- Looking at narrow sectors, the new leaders are all the "dead-cat" bouncers (Financials, Home builders, Retail, Consumer Discretionary etc.) which I wouldn't be tempted to buy with the exception of a really short (2-3 week) trade, and only on pullbacks. In addition there's a potentially longer term hope in new leaders that do not belong to the "dead-cat" category, like biotechnology, and healthcare. (chart below, pardon the density).
- Regions: Europe is very weak compared to the US. The thesis is that houses in places like the UK and Spain, for example, had a bubble very comparable in magnitude to the US, but have a lot more to fall than in the US, because real-estate prices in Europe have held-up much better than the US so far.
- The dollar is showing great resilience after the Fed has signalled the end of its interest cuts.
- Small cap is leading the broad asset classes, for the first time since mid 2007. This leadership started to assert itself before the July 15 bottom. This may be a significant change.
- The best country to be in right now is, surprise: the US. There are a few rockets like turkey (TUR) and India (INP) but they are so volatile and unpredictable that I would keep clear. India and Turkey are up 25-30% just a few weeks away from their recent bottom. As a rule: never chase parabolic movements except after a good pullback to the baseline.
The worst of the worst is Russia, which is in what looks like a free-fall due to both the conflict in Georgia, and the free fall in oil/commodity prices. (chart below).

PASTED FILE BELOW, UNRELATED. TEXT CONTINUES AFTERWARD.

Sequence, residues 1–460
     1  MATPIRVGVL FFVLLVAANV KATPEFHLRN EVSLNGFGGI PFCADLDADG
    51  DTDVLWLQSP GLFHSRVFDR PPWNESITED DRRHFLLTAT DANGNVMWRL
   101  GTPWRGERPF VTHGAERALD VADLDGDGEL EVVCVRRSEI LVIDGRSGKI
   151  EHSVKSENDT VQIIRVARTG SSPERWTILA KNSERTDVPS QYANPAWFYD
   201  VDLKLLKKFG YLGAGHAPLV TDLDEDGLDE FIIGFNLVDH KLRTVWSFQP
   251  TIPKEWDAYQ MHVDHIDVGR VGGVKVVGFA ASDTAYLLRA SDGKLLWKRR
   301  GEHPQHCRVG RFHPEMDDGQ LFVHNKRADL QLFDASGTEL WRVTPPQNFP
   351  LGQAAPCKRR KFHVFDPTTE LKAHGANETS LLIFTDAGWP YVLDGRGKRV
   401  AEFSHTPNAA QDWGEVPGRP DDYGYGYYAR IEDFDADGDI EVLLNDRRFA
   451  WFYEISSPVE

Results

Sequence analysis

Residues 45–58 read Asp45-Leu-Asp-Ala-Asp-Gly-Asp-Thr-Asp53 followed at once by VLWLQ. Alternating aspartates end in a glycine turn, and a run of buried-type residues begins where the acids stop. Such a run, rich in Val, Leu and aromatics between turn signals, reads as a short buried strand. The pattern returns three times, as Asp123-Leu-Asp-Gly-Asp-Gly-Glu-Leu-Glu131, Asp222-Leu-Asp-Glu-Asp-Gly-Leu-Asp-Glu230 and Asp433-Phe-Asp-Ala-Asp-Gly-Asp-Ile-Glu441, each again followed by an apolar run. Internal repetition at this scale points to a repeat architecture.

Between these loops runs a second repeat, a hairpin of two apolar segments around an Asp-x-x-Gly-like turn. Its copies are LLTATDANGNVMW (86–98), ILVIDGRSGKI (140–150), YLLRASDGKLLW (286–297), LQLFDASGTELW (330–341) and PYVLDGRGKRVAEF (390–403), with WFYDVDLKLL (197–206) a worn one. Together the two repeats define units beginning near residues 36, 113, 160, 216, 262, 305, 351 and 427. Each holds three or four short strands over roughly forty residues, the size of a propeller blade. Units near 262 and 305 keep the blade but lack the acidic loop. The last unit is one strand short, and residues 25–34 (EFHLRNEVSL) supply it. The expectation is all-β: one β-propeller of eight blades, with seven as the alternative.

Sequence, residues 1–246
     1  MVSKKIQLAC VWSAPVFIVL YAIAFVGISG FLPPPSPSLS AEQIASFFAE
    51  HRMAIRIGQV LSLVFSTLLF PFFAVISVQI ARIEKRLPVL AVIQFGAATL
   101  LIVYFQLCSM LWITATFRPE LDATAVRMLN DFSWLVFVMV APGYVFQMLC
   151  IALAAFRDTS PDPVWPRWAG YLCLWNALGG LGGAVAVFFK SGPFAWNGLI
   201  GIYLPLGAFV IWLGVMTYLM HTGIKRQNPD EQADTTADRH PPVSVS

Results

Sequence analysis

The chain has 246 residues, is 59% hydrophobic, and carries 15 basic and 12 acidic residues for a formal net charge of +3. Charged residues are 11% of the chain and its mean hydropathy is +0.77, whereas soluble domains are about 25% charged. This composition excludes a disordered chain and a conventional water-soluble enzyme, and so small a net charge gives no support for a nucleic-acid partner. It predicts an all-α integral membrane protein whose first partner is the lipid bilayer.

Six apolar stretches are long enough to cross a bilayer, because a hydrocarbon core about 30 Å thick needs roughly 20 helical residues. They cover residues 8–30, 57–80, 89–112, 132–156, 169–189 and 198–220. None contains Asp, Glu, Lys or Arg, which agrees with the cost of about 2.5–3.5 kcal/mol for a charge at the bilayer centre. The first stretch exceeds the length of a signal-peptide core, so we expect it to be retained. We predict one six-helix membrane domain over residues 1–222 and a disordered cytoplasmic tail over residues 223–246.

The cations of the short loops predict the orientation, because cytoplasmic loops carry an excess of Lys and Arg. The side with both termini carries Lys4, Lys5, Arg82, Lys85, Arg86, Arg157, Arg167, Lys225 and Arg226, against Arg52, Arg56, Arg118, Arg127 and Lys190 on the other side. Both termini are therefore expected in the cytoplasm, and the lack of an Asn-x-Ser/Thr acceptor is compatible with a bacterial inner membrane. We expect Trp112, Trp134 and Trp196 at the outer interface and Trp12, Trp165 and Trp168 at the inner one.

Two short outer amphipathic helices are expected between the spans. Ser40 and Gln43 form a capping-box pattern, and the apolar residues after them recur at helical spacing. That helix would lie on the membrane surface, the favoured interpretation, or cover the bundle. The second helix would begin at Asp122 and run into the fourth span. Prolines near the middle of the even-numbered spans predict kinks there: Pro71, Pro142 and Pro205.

Short term regression analysis
How can one distinguish between "dead-cat" bounces and genuine strength that may be indicative of a new leadership? Essentially, in two ways:
- By looking at the previous down leg: the ETFs that dropped the most are likely to be in the "dead-cat" category.
- Do regression analysis and separate alpha from beta. In general always look for high alphas, and low sigmas (high predictability/consistency). As for high betas you want them (with moderation) only in up-legs, and never during down-legs. Note that in the table below, all the short ETFs have negative betas as well as negative SPY correlations -- as expected -- since they tend to go down when markets are up like they did in the past 2 weeks.
The top 2-week alphas right now are still dominated by utlra-shorts, although interestingly: regional banks (dead cats?) are also in the bunch. Tech/semis [See this insightful analysis of the NASDAQ stealth rally] and healthcare are, in my view, not in the dead-cat category, plus they have low sigmas, and thus are the most predictable and attractive Note: this data/analysis is for the short term only.Top 15 ETFs sorted by Alpha in (daily) 2-week linear-regression (Alpha, Beta, Correlation, Sigma) vs. SPY ETF Alpha Beta Corr Sigma Full Name --- ----- ----- ------ ----- --------------------------------------- EUM 0.64 -1.09 -0.88 1.01 ProShares Short Emerging Markets SDP 0.64 -1.16 -0.72 2.00 ProShares UltraShort Utilities IHF 0.66 0.39 0.46 1.31 iShares Dow Jones US Healthcare Provider SMH 0.74 0.42 0.63 0.92 Semiconductor HOLDRs TUR 0.88 1.12 0.49 3.57 iShares MSCI Turkey KRE 0.95 1.77 0.88 1.71 streetTRACKS KBW Regional Banking TLL 0.95 -0.95 -0.79 1.31 ProShares UltraShort Telecommunications EFU 1.00 -1.67 -0.95 0.98 ProShares UltraShort MSCI EAFE EEV 1.17 -2.08 -0.86 2.22 ProShares UltraShort Emerging Markets DUG 1.28 -1.63 -0.48 5.21 ProShares UltraShort Oil & Gas USD 1.36 0.67 0.43 2.44 ProShares Ultra Semiconductors SMN 1.37 -2.10 -0.64 4.38 ProShares UltraShort Basic Materials EWV 1.48 -1.71 -0.92 1.32 ProShares UltraShort MSCI Japan FXP 1.74 -3.22 -0.86 3.34 ProShares UltraShort FTSE/Xinhua China 25 AGA 1.82 -0.42 -0.16 4.61 DB Agriculture Double Short ETN